Preparing for climate change — also known as climate change adaptation — is about reducing the risk of climate change impacts to people, places and resources. Efforts are also underway to decrease or mitigate the rate of greenhouse gas emissions into to the atmosphere. Scientists have demonstrated that based on current and projected concentrations of carbon dioxide in the atmosphere, climate change impacts are already occurring and will likely increase, even with drastic cuts in greenhouse gas emissions over the next several decades.

Adaptation refers to reducing the vulnerability of social and biological systems to the impacts of climate change.  Adaptation can take place at many levels. There is no “one-size fits all,” but there are similarities in approaches across regions and sectors. Sharing best practices, learning by doing, and pursuing collaborative approaches can help ensure progress.

In general, a climate change adaptation plan identifies and assesses impacts that are likely to affect the planning area, develops goals and actions to best minimize these impacts, and establishes a process to implement those actions. Climate change adaptation actions can often fulfill other management goals, such as sustainable development and risk reduction, and can therefore be incorporated into existing decision-making processes.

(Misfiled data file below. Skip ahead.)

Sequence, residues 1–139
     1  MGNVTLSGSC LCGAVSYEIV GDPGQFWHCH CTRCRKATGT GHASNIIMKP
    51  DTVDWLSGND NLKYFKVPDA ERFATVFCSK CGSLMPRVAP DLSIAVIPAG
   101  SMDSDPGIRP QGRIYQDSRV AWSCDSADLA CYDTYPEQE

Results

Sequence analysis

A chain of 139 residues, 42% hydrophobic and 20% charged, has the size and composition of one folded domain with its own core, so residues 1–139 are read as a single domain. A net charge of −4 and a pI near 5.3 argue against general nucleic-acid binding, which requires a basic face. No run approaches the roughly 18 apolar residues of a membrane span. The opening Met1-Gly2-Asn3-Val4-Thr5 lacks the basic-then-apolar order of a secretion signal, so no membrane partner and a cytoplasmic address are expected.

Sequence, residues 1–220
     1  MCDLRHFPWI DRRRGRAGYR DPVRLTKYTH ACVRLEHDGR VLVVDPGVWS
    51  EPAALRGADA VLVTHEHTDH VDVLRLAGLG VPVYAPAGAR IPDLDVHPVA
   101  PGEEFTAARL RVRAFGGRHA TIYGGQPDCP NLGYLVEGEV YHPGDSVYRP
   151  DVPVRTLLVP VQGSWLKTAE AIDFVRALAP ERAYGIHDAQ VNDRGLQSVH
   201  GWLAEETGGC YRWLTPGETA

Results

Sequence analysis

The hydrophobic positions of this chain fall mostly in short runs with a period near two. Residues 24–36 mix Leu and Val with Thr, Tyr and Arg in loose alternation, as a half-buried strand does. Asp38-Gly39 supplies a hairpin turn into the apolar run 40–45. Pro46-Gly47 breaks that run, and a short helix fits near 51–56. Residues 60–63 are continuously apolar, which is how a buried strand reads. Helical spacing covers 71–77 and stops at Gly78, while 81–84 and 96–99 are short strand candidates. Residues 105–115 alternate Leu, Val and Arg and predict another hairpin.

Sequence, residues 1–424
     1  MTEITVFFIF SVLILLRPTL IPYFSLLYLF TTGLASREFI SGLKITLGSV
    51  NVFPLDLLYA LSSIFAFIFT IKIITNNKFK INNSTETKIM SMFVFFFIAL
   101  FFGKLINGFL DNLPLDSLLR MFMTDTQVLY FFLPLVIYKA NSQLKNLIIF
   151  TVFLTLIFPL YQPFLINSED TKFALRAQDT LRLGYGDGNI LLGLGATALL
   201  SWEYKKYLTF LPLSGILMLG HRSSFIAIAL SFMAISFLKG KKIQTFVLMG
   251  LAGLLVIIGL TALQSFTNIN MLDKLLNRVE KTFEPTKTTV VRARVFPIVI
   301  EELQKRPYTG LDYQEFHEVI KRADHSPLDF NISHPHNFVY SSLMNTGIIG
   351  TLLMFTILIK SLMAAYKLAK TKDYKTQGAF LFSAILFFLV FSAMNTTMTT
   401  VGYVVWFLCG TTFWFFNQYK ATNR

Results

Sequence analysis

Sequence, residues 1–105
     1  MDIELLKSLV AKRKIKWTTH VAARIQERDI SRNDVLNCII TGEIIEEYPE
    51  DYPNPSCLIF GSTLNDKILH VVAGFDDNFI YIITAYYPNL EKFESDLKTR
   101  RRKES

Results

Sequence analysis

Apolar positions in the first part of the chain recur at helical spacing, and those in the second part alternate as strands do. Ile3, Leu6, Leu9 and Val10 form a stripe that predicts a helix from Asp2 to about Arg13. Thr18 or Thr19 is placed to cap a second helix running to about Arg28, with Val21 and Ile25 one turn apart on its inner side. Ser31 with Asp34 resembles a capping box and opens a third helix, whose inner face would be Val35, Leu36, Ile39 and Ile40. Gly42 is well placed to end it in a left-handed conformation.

For land trusts, this process often involves adaptive management planning. While there are many approaches to adaptive management, general steps often include:

  1. Assessing current conditions; identifying issues; determining goals.
  2. Designing a management plan / adaptation strategies that incorporate these goals.
  3. Implementing the management plan.
  4. Monitoring the impact(s) of the management plan.
  5. Evaluating the results of the monitoring process.
  6. Modifying the plan as needed to respond to changing conditions, as identified through the monitoring and evaluation process – Communicate, Monitor, Review, and Revise.

The Alliance’s collection of case studies of climate change adaptation demonstrates that, while land trusts have been engaging in this planning process to varying degrees, these steps can guide conservation organizations to develop and implement more rigorous and robust adaptive management planning strategies.

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